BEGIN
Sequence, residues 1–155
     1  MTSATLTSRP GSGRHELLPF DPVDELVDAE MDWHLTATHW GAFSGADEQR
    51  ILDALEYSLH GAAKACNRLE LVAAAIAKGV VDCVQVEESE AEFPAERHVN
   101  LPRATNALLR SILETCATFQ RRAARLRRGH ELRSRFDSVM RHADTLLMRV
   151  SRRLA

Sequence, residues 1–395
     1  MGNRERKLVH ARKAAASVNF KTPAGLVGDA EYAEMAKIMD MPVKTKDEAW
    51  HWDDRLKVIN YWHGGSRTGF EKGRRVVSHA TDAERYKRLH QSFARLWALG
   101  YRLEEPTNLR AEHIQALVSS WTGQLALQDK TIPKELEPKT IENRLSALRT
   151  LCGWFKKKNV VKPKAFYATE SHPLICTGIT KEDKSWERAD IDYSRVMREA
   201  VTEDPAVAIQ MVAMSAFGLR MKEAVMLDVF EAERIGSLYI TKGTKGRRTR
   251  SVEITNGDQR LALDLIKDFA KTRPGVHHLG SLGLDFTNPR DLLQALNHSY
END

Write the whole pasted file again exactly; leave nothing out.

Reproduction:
Sequence, residues 1–155
     1  MTSATLTSRP GSGRHELLPF DPVDELVDAE MDWHLTATHW GAFSGADEQR
    51  ILDALEYSLH GAAKACNRLE LVAAAIAKGV VDCVQVEESE AEFPAERHVN
   101  LPRATNALLR SILETCATFQ RRAARLRRGH ELRSRFDSVM RHADTLLMRV
   151  SRRLA

Sequence, residues 1–395
     1  MGNRERKLVH ARKAAASVNF KTPAGLVGDA EYAEMAKIMD MPVKTKDEAW
    51  HWDDRLKVIN YWHGGSRTGF EKGRRVVSHA TDAERYKRLH QSFARLWALG
   101  YRLEEPTNLR AEHIQALVSS WTGQLALQDK TIPKELEPKT IENRLSALRT
   151  LCGWFKKKNV VKPKAFYATE SHPLICTGIT KEDKSWERAD IDYSRVMREA
   201  VTEDPAVAIQ MVAMSAFGLR MKEAVMLDVF EAERIGSLYI TKGTKGRRTR
   251  SVEITNGDQR LALDLIKDFA KTRPGVHHLG SLGLDFTNPR DLLQALNHSY